January 22, 2015
“Friendly” and “fraud” are words that do not really seem fit to be paired together, but the truth is that they often are. “Friendly fraud” happens when customers use a credit card to make a purchase, usually online transactions, and then dispute the charge with their credit card company once the item arrives. Which is the same as saying that they use this to get merchandise for free.
Even though friendly fraud usually has two categories, deliberate and accidental, most cases fall under the first one, when a customer’s actions fall under the definition of friendly fraud. It is quite surprisingly to find that some people seem to find friendly fraud not so wrong: according to data collected by Trustev, 25% of respondents from a survey of 1000 US consumers have no problems with people committing friendly fraud.
Other interesting data from that survey is that 5% of respondents confessed that they have actually committed friendly fraud in the past, while 17% of them said they have disputed credit card charges without contacting the online merchant first. This is very costly to merchants, with reported losses grossing $11.8 billion each year.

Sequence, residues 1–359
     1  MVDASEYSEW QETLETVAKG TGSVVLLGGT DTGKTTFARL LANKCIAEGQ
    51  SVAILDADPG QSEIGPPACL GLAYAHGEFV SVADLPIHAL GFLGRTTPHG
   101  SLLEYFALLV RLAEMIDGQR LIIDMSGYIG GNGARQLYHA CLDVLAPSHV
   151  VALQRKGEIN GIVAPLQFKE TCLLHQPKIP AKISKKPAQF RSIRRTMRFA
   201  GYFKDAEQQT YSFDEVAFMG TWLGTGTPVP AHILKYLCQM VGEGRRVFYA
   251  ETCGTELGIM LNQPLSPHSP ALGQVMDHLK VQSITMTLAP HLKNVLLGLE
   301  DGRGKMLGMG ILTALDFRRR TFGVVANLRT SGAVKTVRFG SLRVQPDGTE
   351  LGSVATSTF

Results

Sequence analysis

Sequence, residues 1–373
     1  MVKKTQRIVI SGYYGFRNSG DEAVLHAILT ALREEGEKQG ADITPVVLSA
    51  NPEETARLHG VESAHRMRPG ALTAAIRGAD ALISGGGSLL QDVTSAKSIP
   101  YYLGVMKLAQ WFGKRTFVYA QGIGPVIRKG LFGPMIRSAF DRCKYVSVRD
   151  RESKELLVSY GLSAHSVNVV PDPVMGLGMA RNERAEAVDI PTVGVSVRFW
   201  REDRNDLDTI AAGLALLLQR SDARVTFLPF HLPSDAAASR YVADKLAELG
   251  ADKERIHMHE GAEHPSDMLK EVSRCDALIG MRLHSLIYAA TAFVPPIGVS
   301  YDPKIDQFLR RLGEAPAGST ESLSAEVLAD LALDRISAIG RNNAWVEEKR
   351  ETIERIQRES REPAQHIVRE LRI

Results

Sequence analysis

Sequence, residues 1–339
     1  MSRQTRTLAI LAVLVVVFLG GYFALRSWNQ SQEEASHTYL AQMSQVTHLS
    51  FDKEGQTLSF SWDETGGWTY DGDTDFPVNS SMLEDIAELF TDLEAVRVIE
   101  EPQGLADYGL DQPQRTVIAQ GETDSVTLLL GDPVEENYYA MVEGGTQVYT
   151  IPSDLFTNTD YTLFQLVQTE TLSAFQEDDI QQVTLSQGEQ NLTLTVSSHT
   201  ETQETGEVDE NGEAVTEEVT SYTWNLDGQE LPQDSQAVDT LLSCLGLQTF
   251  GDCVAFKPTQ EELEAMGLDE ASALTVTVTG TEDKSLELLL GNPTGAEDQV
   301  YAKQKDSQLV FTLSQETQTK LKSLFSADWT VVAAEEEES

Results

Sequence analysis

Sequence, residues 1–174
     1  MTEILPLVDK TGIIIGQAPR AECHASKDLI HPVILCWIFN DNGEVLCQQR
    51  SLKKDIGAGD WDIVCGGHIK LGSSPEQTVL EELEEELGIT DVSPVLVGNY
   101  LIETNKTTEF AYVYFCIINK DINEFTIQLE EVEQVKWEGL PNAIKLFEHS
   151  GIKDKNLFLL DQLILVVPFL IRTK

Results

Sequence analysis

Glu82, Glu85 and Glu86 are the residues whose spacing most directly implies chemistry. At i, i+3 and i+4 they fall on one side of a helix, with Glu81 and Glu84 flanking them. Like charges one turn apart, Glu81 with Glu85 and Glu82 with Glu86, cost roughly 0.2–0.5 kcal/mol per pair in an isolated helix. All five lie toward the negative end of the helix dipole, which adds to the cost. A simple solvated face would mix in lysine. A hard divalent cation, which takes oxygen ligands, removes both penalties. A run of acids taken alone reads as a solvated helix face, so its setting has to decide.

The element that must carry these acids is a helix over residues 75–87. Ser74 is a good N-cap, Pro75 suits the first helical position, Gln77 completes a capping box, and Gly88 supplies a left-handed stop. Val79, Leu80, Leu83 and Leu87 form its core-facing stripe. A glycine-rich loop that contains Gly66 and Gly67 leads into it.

Since fraudsters are always looking for new ways of exploiting the systems for their advantage, it is very hard to do anything to stop friendly fraud from happening. Merchants can, however, try to protect their businesses as much as possible, with customer screening presenting as one of the best actions retailers can take to protect themselves.
There are several services available to help on this, like PayPal or 2Checkout, but a simple request for some customer’s information, like photo ID or some utility bill, can be an important first step, as it can be a deterrent for potential fraudsters. Still, such are only preventive actions. Merchants should be further prepared for these situations, by keeping all the documentation about each customer at hand, the product/service that was provided, as well as all contacts made with the customer, which can be helpful when dealing with credit card companies.
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